The trace metals were determined by atomic absorption spectrophotometry (AAS) using the BULK SCIENTIFIC 200 instrument. Two hundred fifty milliliter of each acidified sample were pre-concentrated to about 20 mL with nitric acid digestion and the volume made up to 50 mL with distilled water. A procedural blank of the nitric acid and distilled water was also subjected to the same treatment to correct for any tailing effect from the reagent. All parameters were determined within their holding time with necessary preservatives added were applicable.


The pH values obtained for the runoff samples were predominantly neutral, 6.50-7.53, with a mean of 6.93±0.28 (Table 3). But those of the receiving stream, ST, were alkaline with a maximum of 10.31 and a mean of 9.80±0.69 (Table 4). This may be ascribed to the nature of the soil in the stream. The conductivity obtained correlated with the observed chloride levels with mean of 11.9±0.8 μS cm–1; 4.7±3.3 ppm and 11.7±0.3 μS cm–1; 3.7±0.6 ppm for the runoff and stream, respectively. The DO level for the runoff with a mean of 9.0±2.9 ppm was lower than that of ST with a value of 12.7±0.6 ppm. This may be due to the increase dilution effect and agitation of the rainwater when collecting in the stream.

Table 3: Physico-chemical parameters of sampled runoffs
OP = Onipanu, PG = Palmgrove, OK = Obanikoro, AT = Anthony village, TS = Total Solids, TDS = Total Dissolved Solids, TSS = Total Suspended Solids, DO = Dissolved Oxygen, BOD5 = Biochemical Oxygen Demand, ND = Not Detected, ppm = part per million, S1 = 2nd Feb. event, S2 = 13th April event, S3 = 19th May event
Table 4: Physico-chemical parameters of the receiving stream
S1 = 2nd February event, S2 = 13th April event, S3 = 9th May event, ppm = part per million, SD = Standard Deviation

Table 5: Concentration range (ppm) of some pollutant indicators in highway runoff
* The Institute of Highways and Transportation, UK, 2001, ** US FHWA, 1996

Table 6: Comparison of heavy metal concentration in highway runoff (ppm)
* = The Institute of Highways and Transportation, UK, 2001, ** = US FHWA, 1996,+ = Only detected in one sample, BDL = Below Detection Limit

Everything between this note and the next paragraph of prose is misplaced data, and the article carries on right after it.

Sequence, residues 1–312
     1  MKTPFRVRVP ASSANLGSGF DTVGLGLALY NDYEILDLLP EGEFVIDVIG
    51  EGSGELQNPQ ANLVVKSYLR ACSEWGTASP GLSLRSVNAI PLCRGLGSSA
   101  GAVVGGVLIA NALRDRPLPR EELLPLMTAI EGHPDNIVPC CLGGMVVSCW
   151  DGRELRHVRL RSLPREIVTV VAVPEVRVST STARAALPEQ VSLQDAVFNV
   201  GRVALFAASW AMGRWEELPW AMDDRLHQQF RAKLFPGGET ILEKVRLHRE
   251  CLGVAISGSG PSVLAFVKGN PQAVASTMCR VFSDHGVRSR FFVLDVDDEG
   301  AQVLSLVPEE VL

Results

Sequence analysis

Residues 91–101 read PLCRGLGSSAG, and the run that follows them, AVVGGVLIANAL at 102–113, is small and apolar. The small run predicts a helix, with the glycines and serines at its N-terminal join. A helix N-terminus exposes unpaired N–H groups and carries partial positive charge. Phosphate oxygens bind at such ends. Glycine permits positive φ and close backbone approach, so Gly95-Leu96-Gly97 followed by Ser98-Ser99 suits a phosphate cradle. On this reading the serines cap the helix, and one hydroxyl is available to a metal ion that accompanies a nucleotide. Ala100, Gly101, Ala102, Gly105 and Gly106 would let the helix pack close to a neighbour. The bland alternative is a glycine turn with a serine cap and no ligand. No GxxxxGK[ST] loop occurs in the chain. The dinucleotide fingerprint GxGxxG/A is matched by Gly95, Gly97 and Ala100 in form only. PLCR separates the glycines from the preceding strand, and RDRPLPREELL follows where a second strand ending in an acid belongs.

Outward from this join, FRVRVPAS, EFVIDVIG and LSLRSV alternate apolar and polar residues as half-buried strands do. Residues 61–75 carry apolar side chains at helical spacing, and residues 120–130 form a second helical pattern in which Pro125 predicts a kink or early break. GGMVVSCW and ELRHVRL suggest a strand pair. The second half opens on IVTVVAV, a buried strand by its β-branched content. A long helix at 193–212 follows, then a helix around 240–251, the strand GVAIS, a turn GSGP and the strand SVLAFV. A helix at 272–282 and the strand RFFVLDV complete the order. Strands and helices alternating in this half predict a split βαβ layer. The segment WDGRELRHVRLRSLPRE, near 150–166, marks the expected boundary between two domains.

Overall, the values for the DO did not show a significant depletion of oxygen with just 20% of the total analysed samples having values below 5.0 ppm. Fifty percent of the runoff samples showed values exceeding the 50 ppm recommended BOD5 levels by the FMEnv, Nigeria for discharges to surface water (FMEnv, 1991), though, the mean were 45.9±23.7 and 41.6±23.2 for the runoff and stream samples, respectively. The acidity levels were low with the lowest range observed for the samples from ST, though they have higher alkalinity, which is as a result of their high pH values. The mean values obtained for the acidity and alkalinity were, respectively 24.4±8.7; 34.3±7.5 ppm CaCO3 and 4.9±1.6; 65.0±6.0 ppm CaCO3, respectively for the runoff and stream samples.

The results obtained for the analysis of the trace metals (Table 8) showed that Zinc was more prominent in all the sampled events with a mean concentrations of 68.7±3.0 119.7±58.3 and 33.1±24.0 ppb, respectively for the S1, S2 and S3 events. Cadmium was only detected at site OK during the S2 event. Also, the concentrations of Lead, Copper and Chromium were higher during the S2 event with values of 54.0±28.4, 31.3±11.7 and 7.75±5.7 ppb, respectively. The higher values observed for the S2 event could be attributed to the fact that these could be termed a first flush event as sampling was achieved within 15-20 min of the start of rainfall unlike the other events which sampling were carried out between 30-35 min from the start of rainfall. Amongst the samples obtained for the first flush event, location OK generally had higher concentrations for all the metals analysed (Table 7). This was adduced to the fact that OK is at a lower elevation to all the other locations, thus there is a strong tendency for it to experience a wash-down process whereby pollutants in runoffs from places of higher elevations are by the force of gravity washed down and thus collect at this point before draining off. Though this trend was not noticed in the other events, it does not totally foreclose this process as it may have been masked by the dilution effect at the time of sampling. The levels of trace metals obtained in the samples from the receiving stream, ST (Table 7) were generally lower than those of the runoff from the highway. This is as a result of the high dilution factor in the stream.

Comparatively, the results from this study are consistent with the trend of similar studies around the world as shown in Table 5 and 6 (US FHWA, 1996; Institute of Highway and Transportation, UK 2001).

Table 7: Concentrations (ppb) of heavy metals in sampled runoff at each location
S1 = 2nd February event, S2 = 13th April event, S3 = 9th May event, ppb = part per billion

Table 8: Mean concentrations (ppb) of heavy metals in sampled runoff
* First flush concentrations, ** Only detected in the S2 event at location Ok, + Data provided from the nearest meteorological station to sampling site by the Nigerian Meteorological Agency, Oshodi, Lagos